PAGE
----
[PhD Thesis Presentation] ‐ Mr. Neil Dalphin -"Functional Voltage Imaging of Mouse Super-Granular Layers, in Vivo"
Presenter: Mr. Neil Dalphin
Title: Functional Voltage Imaging of Mouse Super-Granular Layers, in Vivo
Supervisor: Professor Bernd Kuhn
Unit: Optical Neuroimaging Unit
Layer 1 of cortex is theorized to be responsible for gain control of cortical output or attentional focusing. However, layer 1 is often neglected in research, due to the difficulty of recording from it. Here, I describe two voltage imaging methods which allow recording neural activity, response to sensory stimuli and oscillations, in the supra-granular cortical layers (including layer 1) under anesthetized and awake conditions, and show first results.
I developed a new method to load a newly synthesized, water soluble voltage dye (DiMethyl-ANNINE-6plus) into layer 1. This involved creating a space between the dura and brain, by applying dilute hydrogen peroxide to the open craniotomy, and then injecting the dye into this space. This allowed the dye to diffuse through layer 1 without damaging the brain tissue. Two photon microscopy allowed optical sectioning, so neural activity could be investigated within these upper cortical areas. This protocol is promising for its ease of use in investigating sensory stimuli in layer 1. Additionally all major neural oscillations up to 40Hz can be detected with this method, so we could observe how they change with brain state, and cortical depth.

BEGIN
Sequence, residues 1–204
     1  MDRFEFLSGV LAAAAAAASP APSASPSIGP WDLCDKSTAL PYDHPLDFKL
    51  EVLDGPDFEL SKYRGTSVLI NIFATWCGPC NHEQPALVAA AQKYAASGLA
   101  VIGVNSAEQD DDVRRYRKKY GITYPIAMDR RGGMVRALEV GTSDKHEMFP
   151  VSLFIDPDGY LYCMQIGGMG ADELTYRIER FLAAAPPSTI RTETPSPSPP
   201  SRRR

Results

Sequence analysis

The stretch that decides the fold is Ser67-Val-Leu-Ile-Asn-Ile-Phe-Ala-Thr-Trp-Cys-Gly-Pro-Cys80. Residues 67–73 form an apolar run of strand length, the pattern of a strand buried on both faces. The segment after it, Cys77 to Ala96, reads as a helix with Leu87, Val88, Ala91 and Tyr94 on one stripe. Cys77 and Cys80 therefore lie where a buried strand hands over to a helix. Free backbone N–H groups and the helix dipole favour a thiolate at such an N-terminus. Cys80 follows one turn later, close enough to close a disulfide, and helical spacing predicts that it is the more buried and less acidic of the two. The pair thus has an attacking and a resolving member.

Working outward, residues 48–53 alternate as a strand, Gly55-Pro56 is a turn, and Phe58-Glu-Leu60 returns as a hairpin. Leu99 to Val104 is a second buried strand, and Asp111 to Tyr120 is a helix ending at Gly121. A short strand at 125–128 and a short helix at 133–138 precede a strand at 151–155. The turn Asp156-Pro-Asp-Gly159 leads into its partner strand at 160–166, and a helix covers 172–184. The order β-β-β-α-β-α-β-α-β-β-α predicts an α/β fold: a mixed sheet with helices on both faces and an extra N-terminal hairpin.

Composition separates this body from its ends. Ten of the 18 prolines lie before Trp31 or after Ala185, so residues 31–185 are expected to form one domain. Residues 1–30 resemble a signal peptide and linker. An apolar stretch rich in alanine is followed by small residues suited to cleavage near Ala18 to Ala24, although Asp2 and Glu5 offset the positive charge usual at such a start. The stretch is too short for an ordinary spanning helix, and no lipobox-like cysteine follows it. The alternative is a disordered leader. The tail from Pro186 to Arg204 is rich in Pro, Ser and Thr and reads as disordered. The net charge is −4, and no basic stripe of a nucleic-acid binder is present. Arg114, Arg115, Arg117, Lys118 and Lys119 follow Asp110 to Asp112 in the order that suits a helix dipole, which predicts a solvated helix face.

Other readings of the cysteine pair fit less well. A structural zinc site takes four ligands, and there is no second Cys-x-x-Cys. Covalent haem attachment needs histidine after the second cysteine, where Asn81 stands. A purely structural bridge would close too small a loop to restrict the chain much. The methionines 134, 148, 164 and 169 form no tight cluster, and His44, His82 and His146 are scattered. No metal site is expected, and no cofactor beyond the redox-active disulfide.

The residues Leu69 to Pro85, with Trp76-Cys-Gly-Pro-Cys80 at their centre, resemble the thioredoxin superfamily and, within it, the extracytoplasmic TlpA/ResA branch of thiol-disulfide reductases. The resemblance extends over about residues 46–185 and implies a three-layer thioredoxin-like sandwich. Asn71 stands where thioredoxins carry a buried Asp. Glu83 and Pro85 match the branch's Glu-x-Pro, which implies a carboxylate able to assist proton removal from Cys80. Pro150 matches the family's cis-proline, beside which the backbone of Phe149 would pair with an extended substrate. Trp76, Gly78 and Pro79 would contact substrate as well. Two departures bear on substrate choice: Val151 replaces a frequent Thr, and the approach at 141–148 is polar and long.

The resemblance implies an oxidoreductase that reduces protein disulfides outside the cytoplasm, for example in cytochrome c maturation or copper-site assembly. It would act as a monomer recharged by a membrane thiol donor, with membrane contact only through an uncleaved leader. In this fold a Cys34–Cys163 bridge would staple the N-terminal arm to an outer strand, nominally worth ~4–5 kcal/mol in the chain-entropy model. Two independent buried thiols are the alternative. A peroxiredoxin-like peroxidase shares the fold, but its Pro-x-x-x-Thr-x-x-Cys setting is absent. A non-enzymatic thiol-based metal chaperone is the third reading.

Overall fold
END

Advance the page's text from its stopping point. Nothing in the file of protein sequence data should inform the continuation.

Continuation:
Alternatively I made recordings in layers 1 and 2, with bulk-loaded voltage dye (ANNINE-6). Voltage responses showed a fast and slow response to whisker stimulation, with a 10-20ms initial response, followed by a prolonged depolarization (peak around 200ms following stimulus), which was larger (~1.03% Δf/f) when the mouse was anesthetized than when it was awake (~0.61% Δf/f). Looking further into voltage responses, gamma frequency oscillations were found through layers 1 and 2, which also showed a power increase following whisker stimulation, but mainly in awake conditions.
I combined ANNINE-6 voltage imaging with GCaMP-6f calcium imaging, to compare the average membrane potential collected by the voltage dye with intracellular calcium responses. Calcium responses showed almost no activity during anesthesia, which indicates a lack of thalamic inputs into layer 1, during anesthesia, but showed a very large response when the mouse was awake. In comparison, voltage changes were stronger in anesthetized than awake animals, although the fast initial response may get larger during wakefulness.
Together these data show fundamental changes in cortical processing from anesthesia to wakefulness, suggesting a thalamic role in cortical integration and local brain oscillations. Additionally the presence of gamma in layer 1 sets an interesting question into its origin.